The India story may have slowed, but for global steel majors ArcelorMittal and Nippon Steel
(AM/NS India), that have invested Rs 50,000 crore in Essar Steel, it remains a bright spot.
“On a medium-to long-run basis, the growth story is intact,” said Aditya Mittal, president, ArcelorMittal as well as group chief financial officer (CFO) and chief executive officer (CEO), ArcelorMittal Europe, during the group’s earnings call.
Aditya, who is also chairman of AM/NS India, was responding to questions from analysts on the Essar Steel acquisition and when the joint venture would actually generate a cash return for shareholders.
Mid-December, ArcelorMittal and Nippon Steel
jointly completed acquisition of Essar Steel under the insolvency law.
The joint venture — 60 per cent held by ArcelorMittal and the balance by Nippon Steel
— was renamed AM/NS India.
The growth story that Aditya was referring to, was that of India’s. “I know the headlines around India was negative, such as automotive demand declining sharply. But apparent steel consumption in India actually grew by about 4 per cent in 2019, and we believe it will grow even stronger in 2020,” he said.
He said, “In terms of how you should think about it, it’s all a deleveraging story. It’s a story in which we want to grow as the market grows in India and capture the value that is created. And so, I would think of it as value that is embedded in ArcelorMittal in owning a 60 per cent equity interest in a world-class facility in the world’s fastest-growing steel market,” Mittal said.
On whether it is a cash or growth story for ArcelorMittal shareholders, he said, “Every story has cash at the end.”
“Do you take the cash and return to shareholders? Or do you take the cash and invest in growth? And, as long as the growth story remains intact, the focus would be to invest to grow the business,” he added.
What may have reinforced his belief is AM/NS’s performance which has exceeded ArcelorMittal’s expectations. “We visited it in December again and have been in constant touch with the team. And, everything we have seen has impressed us. The company is on the right track,” he said.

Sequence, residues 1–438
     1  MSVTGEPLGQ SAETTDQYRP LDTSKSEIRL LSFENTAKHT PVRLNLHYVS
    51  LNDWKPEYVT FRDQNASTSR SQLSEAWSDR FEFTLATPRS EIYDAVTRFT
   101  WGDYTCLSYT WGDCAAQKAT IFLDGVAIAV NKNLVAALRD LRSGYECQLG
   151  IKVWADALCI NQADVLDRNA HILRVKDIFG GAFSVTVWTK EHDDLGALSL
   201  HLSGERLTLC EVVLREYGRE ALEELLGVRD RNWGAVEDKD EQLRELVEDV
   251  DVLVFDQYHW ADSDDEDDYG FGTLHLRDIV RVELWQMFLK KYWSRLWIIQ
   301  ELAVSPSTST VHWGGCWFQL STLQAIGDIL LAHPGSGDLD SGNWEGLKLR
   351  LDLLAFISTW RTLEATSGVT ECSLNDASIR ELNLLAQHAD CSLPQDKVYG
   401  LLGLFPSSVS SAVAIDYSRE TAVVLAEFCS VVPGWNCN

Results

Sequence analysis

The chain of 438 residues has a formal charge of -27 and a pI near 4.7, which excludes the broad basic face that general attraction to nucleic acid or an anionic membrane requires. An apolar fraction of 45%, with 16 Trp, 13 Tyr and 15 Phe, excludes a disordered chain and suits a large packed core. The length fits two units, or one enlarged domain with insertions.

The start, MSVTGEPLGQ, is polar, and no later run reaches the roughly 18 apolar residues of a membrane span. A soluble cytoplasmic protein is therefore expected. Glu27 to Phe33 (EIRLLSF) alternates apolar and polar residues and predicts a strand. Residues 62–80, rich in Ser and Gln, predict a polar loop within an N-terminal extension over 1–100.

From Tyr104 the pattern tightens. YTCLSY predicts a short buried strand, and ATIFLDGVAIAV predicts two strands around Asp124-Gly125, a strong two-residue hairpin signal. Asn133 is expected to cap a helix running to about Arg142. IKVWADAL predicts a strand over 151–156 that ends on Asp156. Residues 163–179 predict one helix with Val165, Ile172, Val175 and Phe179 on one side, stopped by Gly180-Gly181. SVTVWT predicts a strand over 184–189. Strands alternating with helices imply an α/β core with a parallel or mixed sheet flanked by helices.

In January, AM/NS India set production records run rate at 7.4 million tonnes. That’s an increase of 40 per cent since the time it was doing due diligence for acquisition towards the end of 2017. The increase was achieved with minimal capital expenditure. The run rate earnings before interest, taxes, depreciation, and amortisation (Ebitda) is $600 million, which is higher than the December figure.
Nippon Steel, too, in its investor presentation on Friday, said, it expected AM/NS India to be in the black from the first year. The total cash injection in the joint venture, Nippon said, was Rs 50,000 crore, that is, Rs 42,000 crore for repayment of Essar’s existing debt as well as Rs 8,000 crore for initial working capital, including capital expenditure. The investment is in the ratio of the holding in the joint venture.
Nippon has said it would make strategic investments in growing business fields and regions and that includes Essar Steel India. This comes at a time when Nippon intends to accelerate the reorganisation of or withdraw from unprofitable overseas businesses with no prospects of a future profit recovery.
Nippon said on Friday that it would shut nearly 10 per cent of its production capacity and was expected to book a record loss of 440 billion yen ($4 billion) this financial year.
The steel major said it had been facing unprecedented harsh conditions in which steel demand from the manufacturing industry had decreased and steel prices stagnated, prompted by the US-China trade disputes.
Additionally, Japan has been facing a declining and aging population.
In 2019, Japan recorded a decline of 4.8 per cent in production. Among the top 10 producing countries, in fact, most recorded a decline except the US which grew at 1.5 per cent, India at 1.8 per cent, China at 8.3 per cent and Iran at 30 per cent.